As the climate emergency increasingly demands urgent action on the part of national governments, civil society and the business community, the use of litigation as a tool for compelling behavioural change continues to grow in significance - writes James Whitaker, Partner at global law firm Mayer Brown.
We are seeing on an almost-daily basis the extent to which shareholders and investors, including some of the world's largest funds and asset managers, increasingly bringing pressure to bear on their portfolio companies to take substantial and rapid steps towards transitioning towards net carbon neutrality, promoting biodiversity and improving sustainability.
The increasing pressure from stakeholders is unmistakable.
The willingness of such stakeholders to litigate their grievances in costly, often high-profile, national courts is also increasing.
It remains a source of some surprise that the rapidly developing frontier of climate litigation has, thus far, not impacted this jurisdiction as much as it has in others, notably in continental Europe.
That said, whilst the Netherlands and Germany are perhaps some way ahead of the UK as the venue or forum of choice for such litigation, the position is changing fast.
Over the past couple of years, the English courts have demonstrated a willingness to entertain claims targeting companies and their directors for climate transgressions.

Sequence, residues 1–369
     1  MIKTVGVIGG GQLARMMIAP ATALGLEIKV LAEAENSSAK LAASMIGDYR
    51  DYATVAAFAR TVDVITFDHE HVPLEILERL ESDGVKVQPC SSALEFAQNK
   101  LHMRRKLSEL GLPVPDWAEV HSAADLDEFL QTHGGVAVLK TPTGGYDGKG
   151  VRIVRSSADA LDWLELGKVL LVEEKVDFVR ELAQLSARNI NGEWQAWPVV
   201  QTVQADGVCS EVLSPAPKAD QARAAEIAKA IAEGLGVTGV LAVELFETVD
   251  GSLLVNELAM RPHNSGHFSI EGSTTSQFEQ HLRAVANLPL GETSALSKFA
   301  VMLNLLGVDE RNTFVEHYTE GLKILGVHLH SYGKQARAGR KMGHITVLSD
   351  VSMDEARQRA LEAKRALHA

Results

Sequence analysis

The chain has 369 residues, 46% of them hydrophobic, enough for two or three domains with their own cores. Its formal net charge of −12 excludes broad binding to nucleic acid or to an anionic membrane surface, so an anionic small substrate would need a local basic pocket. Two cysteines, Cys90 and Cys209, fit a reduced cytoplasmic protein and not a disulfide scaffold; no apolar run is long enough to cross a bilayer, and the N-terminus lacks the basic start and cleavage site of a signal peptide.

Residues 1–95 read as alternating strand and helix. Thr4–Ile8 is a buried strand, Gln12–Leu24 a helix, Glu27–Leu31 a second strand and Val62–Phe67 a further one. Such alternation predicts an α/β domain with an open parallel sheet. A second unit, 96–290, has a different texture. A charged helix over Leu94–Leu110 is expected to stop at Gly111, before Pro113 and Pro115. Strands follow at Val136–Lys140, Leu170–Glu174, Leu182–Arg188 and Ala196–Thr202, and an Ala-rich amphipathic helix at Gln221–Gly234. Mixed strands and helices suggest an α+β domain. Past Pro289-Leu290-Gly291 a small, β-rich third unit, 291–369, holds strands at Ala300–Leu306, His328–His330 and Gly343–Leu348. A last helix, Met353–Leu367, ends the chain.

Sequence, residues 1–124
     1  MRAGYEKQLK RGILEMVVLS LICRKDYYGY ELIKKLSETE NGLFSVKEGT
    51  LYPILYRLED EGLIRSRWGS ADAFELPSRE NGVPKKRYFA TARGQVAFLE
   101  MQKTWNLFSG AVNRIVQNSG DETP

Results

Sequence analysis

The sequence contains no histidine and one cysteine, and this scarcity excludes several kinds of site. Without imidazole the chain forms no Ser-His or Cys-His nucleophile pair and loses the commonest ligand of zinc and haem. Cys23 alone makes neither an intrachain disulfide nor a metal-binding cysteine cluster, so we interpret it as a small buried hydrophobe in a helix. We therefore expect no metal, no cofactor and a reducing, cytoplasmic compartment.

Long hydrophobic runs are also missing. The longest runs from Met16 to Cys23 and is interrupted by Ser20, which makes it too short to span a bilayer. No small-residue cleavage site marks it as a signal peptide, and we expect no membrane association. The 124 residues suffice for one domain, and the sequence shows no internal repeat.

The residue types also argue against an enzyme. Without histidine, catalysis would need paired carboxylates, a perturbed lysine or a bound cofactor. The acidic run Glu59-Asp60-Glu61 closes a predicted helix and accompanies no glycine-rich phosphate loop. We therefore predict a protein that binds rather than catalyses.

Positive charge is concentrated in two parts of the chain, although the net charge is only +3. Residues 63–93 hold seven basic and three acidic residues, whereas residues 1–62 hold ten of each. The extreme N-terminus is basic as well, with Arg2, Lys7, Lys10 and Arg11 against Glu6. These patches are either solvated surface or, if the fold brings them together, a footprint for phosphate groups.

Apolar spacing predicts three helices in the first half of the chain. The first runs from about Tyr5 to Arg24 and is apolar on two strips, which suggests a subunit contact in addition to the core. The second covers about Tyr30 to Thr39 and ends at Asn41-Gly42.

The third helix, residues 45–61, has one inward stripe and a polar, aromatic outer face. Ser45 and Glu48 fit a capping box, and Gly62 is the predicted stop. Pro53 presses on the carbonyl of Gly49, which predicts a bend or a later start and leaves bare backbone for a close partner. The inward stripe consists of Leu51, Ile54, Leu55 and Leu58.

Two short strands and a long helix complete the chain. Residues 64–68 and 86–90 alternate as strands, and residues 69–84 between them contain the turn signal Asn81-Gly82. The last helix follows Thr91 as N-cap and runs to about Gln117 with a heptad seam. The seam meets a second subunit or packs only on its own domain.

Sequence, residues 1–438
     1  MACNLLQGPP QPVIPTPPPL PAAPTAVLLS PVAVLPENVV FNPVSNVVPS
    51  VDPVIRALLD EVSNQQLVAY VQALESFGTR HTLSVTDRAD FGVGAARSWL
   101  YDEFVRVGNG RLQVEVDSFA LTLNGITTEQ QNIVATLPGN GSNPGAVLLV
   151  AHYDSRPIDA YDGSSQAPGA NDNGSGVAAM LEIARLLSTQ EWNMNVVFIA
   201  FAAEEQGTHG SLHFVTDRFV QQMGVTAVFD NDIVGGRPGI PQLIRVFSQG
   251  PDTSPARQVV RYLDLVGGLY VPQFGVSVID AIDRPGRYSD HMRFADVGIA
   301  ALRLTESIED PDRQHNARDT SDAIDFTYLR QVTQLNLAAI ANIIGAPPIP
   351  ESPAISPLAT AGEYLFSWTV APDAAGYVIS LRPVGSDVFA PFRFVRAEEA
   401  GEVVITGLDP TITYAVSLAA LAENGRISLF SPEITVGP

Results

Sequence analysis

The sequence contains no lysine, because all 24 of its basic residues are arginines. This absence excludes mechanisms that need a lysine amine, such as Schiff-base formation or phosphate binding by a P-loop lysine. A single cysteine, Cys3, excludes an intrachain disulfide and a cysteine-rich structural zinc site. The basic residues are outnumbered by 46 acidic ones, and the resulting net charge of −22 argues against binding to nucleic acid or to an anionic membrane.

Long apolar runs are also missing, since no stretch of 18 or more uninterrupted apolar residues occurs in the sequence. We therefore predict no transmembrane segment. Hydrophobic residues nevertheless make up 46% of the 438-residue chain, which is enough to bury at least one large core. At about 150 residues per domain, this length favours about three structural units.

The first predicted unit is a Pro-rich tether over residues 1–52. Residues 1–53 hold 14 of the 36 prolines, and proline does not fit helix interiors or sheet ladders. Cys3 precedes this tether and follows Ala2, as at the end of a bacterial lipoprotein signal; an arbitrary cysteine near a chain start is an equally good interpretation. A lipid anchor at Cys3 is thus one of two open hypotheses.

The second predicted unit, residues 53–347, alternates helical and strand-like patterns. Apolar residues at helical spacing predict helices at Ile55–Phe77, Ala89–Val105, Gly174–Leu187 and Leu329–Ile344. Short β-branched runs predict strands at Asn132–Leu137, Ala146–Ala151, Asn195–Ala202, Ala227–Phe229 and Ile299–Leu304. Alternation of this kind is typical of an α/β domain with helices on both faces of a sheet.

The volume of such claims based on sometimes new or unusual case theories will likely increase.
A broader range of claims has started to emerge.
For example, in additional to conventional tort theories targeting English-domiciled companies directly, claimants have founded claims on the environmental and other practices of overseas subsidiaries following highly significant Supreme Court decisions enabling such claims in recent years.
Similarly as regulatory requirements continue to grow, often augmenting the pressures being imposed by stakeholders to improve and comply with the various regimes governing both voluntary and mandatory climate-related disclosure requirements; perceived misstatements in this regard will increasingly be subject to close scrutiny.
This means that the potential for claims based on misrepresentations continues to grow.
Putative claims targeting company directors for alleged breaches of duties – for example in failing to consider the impact of the company's operations on the environment – may start to emerge.
A key distinguishing feature of this type of litigation is the motivating factor; the aims of claimants – be they climate activists, activist investors or other interested stakeholders – are often not simply the recovery of monetary damages; it is often based on promoting, or indeed compelling, behavioural change.
This dynamic makes proactive, transparent, engagement with stakeholders, long before litigation even becomes a possibility, critical.